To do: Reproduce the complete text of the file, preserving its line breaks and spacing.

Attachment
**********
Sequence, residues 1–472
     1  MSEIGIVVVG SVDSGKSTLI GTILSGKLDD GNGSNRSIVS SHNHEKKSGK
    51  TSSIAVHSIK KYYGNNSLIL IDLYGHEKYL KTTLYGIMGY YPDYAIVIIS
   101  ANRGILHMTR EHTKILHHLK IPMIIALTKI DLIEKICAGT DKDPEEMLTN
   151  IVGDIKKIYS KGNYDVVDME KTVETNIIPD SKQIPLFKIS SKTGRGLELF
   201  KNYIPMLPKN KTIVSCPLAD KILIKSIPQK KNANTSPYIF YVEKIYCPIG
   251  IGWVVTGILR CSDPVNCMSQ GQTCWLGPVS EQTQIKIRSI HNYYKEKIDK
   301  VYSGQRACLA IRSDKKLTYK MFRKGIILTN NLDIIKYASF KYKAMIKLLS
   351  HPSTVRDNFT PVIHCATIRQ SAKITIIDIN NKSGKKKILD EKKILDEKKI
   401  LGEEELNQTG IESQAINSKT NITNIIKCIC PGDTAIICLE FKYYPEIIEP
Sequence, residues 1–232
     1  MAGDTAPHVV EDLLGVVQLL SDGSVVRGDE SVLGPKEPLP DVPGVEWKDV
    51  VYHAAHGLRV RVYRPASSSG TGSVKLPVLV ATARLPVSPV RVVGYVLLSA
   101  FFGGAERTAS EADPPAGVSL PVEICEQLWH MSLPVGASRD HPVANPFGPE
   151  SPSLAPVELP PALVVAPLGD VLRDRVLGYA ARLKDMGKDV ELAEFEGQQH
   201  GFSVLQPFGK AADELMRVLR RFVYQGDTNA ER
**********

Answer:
Sequence, residues 1–472
     1  MSEIGIVVVG SVDSGKSTLI GTILSGKLDD GNGSNRSIVS SHNHEKKSGK
    51  TSSIAVHSIK KYYGNNSLIL IDLYGHEKYL KTTLYGIMGY YPDYAIVIIS
   101  ANRGILHMTR EHTKILHHLK IPMIIALTKI DLIEKICAGT DKDPEEMLTN
   151  IVGDIKKIYS KGNYDVVDME KTVETNIIPD SKQIPLFKIS SKTGRGLELF
   201  KNYIPMLPKN KTIVSCPLAD KILIKSIPQK KNANTSPYIF YVEKIYCPIG
   251  IGWVVTGILR CSDPVNCMSQ GQTCWLGPVS EQTQIKIRSI HNYYKEKIDK
   301  VYSGQRACLA IRSDKKLTYK MFRKGIILTN NLDIIKYASF KYKAMIKLLS
   351  HPSTVRDNFT PVIHCATIRQ SAKITIIDIN NKSGKKKILD EKKILDEKKI
   401  LGEEELNQTG IESQAINSKT NITNIIKCIC PGDTAIICLE FKYYPEIIEP
Sequence, residues 1–232
     1  MAGDTAPHVV EDLLGVVQLL SDGSVVRGDE SVLGPKEPLP DVPGVEWKDV
    51  VYHAAHGLRV RVYRPASSSG TGSVKLPVLV ATARLPVSPV RVVGYVLLSA
   101  FFGGAERTAS EADPPAGVSL PVEICEQLWH MSLPVGASRD HPVANPFGPE
   151  SPSLAPVELP PALVVAPLGD VLRDRVLGYA ARLKDMGKDV ELAEFEGQQH
   201  GFSVLQPFGK AADELMRVLR RFVYQGDTNA ER